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Maj. Jeremy Kerfoot, U.S. Army Military Police Sexual Assault Prevention and Response Office, lectures on the topic of Organizational Prevention during the 2nd annual Sexual Harassment/Assault Response and Prevention Symposium hosted by the Sexual Assault Prevention Response Office (SAPRO) at The Clubs at Quantico aboard Marine Corps Base Quantico.

Photo by Ida Irby

Equip, empower, educate against sexual assault

12 Apr 2016 | Ida Irby Marine Corps Base Quantico

Service members of every uniform united to take a stand against sexual assault during the 2nd annual Sexual Harassment/Assault Response and Prevention Symposium hosted by the Sexual Assault Prevention Response Office (SAPRO) at The Clubs at Quantico aboard Marine Corps Base Quantico.


Many leaders donned their lapels with a teal ribbon to engage in a dialogue about sexual assault prevention and awareness April 5-6. Participants traveled from as far away as Fort Meade, Maryland, Fort Myer and Prince William County.


“This is an important subject, and it’s great to see a lot of different uniforms. When I say uniforms, I include civilians who are highly involved in this process,” said Col. Joseph Murray, base commander, who encouraged leaders to create conversations among the collective group so that everyone understands their role in the process of sexual assault response.


“We must be able to take care of the special needs that occur when someone is assaulted,” he added.


Education is essential in reducing sexual assault in the military. The two-day symposium included discussions about “sextortion,” suicide prevention, rape investigation, victim advocacy ethics, cultural competence, sexual assault prevention and a sexual assault response panel.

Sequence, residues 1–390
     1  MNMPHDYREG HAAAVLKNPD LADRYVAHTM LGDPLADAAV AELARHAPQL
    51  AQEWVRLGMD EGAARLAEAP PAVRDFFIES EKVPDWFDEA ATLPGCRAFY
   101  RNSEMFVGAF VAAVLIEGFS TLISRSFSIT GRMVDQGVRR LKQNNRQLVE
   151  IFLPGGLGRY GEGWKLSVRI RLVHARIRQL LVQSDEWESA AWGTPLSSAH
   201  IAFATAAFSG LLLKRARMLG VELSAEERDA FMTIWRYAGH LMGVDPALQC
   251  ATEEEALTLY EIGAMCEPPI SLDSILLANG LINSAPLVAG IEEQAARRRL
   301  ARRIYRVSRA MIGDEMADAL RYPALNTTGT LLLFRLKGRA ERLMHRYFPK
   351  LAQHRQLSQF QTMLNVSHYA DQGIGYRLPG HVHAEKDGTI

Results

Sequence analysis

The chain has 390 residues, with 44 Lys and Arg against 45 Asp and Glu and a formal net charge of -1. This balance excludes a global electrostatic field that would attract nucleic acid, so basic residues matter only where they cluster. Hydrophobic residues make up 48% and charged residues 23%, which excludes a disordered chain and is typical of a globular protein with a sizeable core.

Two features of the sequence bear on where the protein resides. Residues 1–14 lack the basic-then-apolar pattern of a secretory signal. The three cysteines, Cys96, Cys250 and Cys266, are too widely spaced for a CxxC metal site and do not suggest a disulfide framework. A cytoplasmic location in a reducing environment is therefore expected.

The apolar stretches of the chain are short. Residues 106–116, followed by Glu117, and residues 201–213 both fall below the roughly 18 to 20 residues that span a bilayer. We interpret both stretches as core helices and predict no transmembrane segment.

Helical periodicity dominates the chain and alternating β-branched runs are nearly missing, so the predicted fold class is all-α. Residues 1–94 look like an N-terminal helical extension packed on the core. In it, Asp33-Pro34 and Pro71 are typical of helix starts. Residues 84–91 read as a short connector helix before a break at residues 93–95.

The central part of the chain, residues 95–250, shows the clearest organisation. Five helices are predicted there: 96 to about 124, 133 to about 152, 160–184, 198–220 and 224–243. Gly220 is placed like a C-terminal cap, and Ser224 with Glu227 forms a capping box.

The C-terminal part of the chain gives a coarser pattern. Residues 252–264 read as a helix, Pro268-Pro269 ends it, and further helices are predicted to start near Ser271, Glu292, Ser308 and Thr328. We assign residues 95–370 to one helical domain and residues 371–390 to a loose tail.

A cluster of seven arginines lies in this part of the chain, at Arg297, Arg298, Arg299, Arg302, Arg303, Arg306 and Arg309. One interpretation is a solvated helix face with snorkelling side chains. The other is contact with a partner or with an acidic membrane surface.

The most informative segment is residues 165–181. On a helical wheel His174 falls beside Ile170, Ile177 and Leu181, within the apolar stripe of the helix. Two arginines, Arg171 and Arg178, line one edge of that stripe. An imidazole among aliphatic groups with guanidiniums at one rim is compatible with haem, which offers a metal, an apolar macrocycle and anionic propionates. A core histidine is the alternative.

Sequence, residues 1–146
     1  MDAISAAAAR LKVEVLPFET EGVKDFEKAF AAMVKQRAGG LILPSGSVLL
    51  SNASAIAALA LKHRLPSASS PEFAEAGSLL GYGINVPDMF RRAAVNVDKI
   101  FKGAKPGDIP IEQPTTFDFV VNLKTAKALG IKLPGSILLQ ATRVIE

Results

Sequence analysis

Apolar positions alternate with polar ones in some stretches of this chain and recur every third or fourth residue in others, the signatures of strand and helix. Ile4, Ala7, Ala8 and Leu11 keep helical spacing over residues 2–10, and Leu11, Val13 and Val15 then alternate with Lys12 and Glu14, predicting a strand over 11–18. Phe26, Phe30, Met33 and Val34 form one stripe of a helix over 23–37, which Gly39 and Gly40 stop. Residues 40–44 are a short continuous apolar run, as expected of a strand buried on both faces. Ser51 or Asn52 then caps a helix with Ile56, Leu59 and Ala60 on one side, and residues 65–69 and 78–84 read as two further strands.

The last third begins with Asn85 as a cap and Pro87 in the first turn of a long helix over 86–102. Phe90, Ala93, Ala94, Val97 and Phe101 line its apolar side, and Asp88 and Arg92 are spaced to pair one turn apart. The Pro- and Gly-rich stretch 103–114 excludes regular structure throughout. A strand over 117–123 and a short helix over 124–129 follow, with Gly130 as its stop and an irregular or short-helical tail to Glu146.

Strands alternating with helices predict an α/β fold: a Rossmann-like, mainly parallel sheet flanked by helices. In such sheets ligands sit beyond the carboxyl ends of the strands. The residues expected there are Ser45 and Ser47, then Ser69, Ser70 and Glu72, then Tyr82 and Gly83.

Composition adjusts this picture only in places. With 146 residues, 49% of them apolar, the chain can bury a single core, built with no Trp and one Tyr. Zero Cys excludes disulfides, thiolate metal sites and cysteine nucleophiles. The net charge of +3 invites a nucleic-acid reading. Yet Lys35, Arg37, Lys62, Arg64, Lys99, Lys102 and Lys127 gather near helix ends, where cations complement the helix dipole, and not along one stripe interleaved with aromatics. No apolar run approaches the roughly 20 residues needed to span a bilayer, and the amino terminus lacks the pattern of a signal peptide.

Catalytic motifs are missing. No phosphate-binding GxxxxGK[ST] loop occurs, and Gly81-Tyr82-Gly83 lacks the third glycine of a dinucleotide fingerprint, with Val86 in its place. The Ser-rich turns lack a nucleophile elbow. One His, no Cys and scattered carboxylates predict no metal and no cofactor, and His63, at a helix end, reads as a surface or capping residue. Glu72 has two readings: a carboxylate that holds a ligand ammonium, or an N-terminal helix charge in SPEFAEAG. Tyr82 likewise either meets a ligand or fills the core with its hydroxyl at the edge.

“Today we will equip commanders with the tools to ensure that a command climate is intolerant of any type of retaliatory behavior,” said guest speaker Dr. Allison Greene-Sands, DoD SAPRO deputy chief of staff, who led the discussion titled Retaliation Strategies.


“Sexual Assault is the kind of crime that people don’t always report after being victimized. As a result, the reporting rate is low,” said Greene-Sands. “We are working to put additional measures in place to ensure that command climates don’t tolerate sexual assault, let alone retaliation when someone does come forward to report.”


One speaker discussed the reporting process, which included the prosecutor from United States v. Joshua Linkous. The former Marine was indicted by a federal jury on sexual assault charges. It took approximately five years before the victims reported the abuse.


“There are already enough barriers that keep [victims of assault] from coming forward, and fear of reprisal should not be one of them,” said Greene-Sands. “Fear is definitely a barrier. Victims wonder what will happen to their careers. They question if their command will believe the incident. They fear backlash from their peers or even command.”


The Tactical Unit Commanders Guide to Preventing Sexual Assault in the Military is a manuscript under development and is scheduled to be released during 2016. The manual gives leaders tools to increase prevention of sexual assault crimes.


“The tactical guide is going to arm leaders with tangible actions they can take to prevent sexual assault within their organizations,” said guest speaker Maj. Jeremy Kerfoot, U.S. Army Military Police SAPRO.


“Leaders have said that prevention is hard. They understand how to support a victim, but question how to talk about assault and implement something to ensure we can prevent it,” he said.


Both the person who reports and the person accused must be handled with care. Leaders must understand the importance of treating everyone fairly.


Marines have the option of working with military or civilian advocates aboard MCBQ. For more than two years, Amy Chen, victims advocate, has supported the base community. She is assisted by the unit victims advocate Staff Sgt. Megan Frederick, Headquarters and Service Battalion.


If you are a victim of assault or want to report a sexual crime call the 24/7 sexual assault support line at 703-432-9999.

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